Will the Expect suit to me? ( maybe NOT a wrong post ) - Unix

This is a discussion on Will the Expect suit to me? ( maybe NOT a wrong post ) - Unix ; Is this a right group to ask question about Expect programming? I search the Usenet and have not found a group something like comp.....expect. And, my qeustion is below. I am writing a Linux program which will talk to its ...

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Thread: Will the Expect suit to me? ( maybe NOT a wrong post )

  1. Will the Expect suit to me? ( maybe NOT a wrong post )

    Is this a right group to ask question about Expect programming? I
    search the Usenet and have not found a group something like
    comp.....expect. And, my qeustion is below.

    I am writing a Linux program which will talk to its stdin/stdout with
    two kind of information:
    1, human readable strings ( send/receive )
    2, non-human-readable raw data ( send/receive )

    And, while the program is running and talking to the stdin/stdout, it,
    on the other hand, can receive 'command' and 'deliver' information to
    other processes via a Unix domain socket it create and listen when
    startup.

    Actuall the program's stdin/stdout is a channel to a external device
    ( it will be link to the device when in non-test mode, but in test
    mode, it just stdin/stdout hence don't really ask the device
    presented ). The program communicate with its external devices and
    interact with other processes via aother channel -- a Unix domain
    socket.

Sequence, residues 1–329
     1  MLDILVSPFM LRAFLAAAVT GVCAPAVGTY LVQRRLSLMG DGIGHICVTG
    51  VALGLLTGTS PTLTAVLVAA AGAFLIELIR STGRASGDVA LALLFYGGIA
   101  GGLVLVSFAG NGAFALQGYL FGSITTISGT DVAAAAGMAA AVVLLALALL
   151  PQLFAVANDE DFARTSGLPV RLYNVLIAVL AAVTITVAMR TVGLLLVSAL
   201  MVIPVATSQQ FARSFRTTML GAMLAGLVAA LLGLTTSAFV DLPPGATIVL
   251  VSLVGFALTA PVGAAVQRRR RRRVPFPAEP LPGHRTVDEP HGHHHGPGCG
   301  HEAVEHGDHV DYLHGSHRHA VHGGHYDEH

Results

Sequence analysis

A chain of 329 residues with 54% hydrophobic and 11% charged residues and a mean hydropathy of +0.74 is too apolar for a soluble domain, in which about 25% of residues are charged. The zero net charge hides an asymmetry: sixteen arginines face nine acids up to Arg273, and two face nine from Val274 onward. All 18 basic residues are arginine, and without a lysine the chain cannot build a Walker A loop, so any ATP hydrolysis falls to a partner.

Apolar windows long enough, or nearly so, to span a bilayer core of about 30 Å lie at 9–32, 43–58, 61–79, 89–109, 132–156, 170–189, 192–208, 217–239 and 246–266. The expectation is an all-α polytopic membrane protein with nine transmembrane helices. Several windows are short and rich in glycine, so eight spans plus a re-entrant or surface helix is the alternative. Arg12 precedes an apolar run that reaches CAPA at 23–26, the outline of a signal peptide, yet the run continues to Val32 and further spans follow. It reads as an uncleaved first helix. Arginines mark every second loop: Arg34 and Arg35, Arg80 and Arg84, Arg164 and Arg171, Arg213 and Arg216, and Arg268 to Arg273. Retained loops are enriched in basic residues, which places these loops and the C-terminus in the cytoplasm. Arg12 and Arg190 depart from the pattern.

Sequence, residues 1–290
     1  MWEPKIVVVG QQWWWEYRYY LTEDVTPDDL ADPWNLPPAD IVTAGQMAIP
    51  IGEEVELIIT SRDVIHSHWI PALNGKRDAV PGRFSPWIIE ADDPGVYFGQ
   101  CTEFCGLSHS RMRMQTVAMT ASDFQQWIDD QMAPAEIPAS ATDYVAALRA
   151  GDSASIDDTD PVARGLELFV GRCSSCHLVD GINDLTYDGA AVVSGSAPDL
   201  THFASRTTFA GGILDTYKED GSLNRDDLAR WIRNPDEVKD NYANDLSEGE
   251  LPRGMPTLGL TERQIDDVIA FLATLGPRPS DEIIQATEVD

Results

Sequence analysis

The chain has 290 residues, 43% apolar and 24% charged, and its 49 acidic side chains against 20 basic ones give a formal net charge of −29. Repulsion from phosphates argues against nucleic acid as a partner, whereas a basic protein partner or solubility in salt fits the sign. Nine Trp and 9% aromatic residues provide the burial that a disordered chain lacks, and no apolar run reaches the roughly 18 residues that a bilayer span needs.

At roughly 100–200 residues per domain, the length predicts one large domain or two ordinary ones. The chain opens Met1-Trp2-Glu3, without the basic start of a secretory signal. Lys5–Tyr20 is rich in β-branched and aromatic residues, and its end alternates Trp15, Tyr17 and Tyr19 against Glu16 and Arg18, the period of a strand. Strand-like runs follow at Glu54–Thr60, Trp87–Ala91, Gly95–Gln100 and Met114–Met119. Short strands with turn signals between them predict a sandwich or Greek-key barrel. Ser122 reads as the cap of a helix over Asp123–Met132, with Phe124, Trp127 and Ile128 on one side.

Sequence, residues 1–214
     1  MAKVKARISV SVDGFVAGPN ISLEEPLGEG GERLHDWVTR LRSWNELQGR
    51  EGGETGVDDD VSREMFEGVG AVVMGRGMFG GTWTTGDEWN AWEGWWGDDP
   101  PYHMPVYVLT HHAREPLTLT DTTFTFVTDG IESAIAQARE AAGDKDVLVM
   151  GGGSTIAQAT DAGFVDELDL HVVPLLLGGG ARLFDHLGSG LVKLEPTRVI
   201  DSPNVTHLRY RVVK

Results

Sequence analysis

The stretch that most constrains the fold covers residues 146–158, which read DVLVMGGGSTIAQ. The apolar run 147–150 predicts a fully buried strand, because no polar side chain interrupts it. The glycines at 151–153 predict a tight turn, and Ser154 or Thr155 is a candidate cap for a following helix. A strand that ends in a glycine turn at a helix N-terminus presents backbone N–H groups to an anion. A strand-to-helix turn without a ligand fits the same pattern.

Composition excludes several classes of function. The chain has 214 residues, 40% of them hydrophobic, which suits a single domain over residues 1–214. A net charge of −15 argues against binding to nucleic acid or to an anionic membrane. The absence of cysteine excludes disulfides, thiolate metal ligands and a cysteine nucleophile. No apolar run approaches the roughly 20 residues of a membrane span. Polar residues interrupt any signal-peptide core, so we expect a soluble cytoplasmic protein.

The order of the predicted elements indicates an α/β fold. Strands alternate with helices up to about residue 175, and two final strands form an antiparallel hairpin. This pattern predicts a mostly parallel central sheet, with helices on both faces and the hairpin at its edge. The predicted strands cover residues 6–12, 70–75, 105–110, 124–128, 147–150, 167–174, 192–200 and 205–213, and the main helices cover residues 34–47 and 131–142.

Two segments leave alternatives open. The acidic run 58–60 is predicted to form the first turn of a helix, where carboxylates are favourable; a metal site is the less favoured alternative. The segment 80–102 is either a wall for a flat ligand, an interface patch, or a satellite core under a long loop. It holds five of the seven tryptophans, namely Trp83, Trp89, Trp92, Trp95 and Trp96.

My task is to write automatic tests for the program under
    development. It seems that Expect can help, but I am not sure.
    Basically, what I think is, run expect leting it feed inputs to the
    program's stdin and receive/check program's output on its stdout. The
    first problem I can image now is that I have raw data need to hand and
    Expect usually process ascii strings, am I right? Another problem is,
    I am not sure, if or not, while I use expect to ineteract with the
    program's stdin/stdout, can I still in the expect to communicate with
    the program's unix domain socket?

    Maybe I am writting too much and I hope someone understand my
    situation. If so, I hope you tell me, if or not the Expect is a right
    tool I can expect. And, I here someting like libexpect, do I also
    need it?

    Thanks in advance.

    -
    narke

  2. Re: Will the Expect suit to me? ( maybe NOT a wrong post )

    Steven Woody wrote:
    > Is this a right group to ask question about Expect programming? I
    > search the Usenet and have not found a group something like
    > comp.....expect. And, my qeustion is below.
    >
    > I am writing a Linux program which will talk to its stdin/stdout with
    > two kind of information:
    > 1, human readable strings ( send/receive )
    > 2, non-human-readable raw data ( send/receive )
    >
    > And, while the program is running and talking to the stdin/stdout, it,
    > on the other hand, can receive 'command' and 'deliver' information to
    > other processes via a Unix domain socket it create and listen when
    > startup.
    >
    > Actuall the program's stdin/stdout is a channel to a external device
    > ( it will be link to the device when in non-test mode, but in test
    > mode, it just stdin/stdout hence don't really ask the device
    > presented ). The program communicate with its external devices and
    > interact with other processes via aother channel -- a Unix domain
    > socket.
    >
    > My task is to write automatic tests for the program under
    > development. It seems that Expect can help, but I am not sure.
    > Basically, what I think is, run expect leting it feed inputs to the
    > program's stdin and receive/check program's output on its stdout. The
    > first problem I can image now is that I have raw data need to hand and
    > Expect usually process ascii strings, am I right?


    I don't know which Expect you're speaking of. There is a TCL Expect
    (the original) and there is also an Expect module for Perl which does
    the same basic thing.

    Where I work, we use the Expect module for Perl, and we use it with
    non-ascii characters all the time. Well, technically they are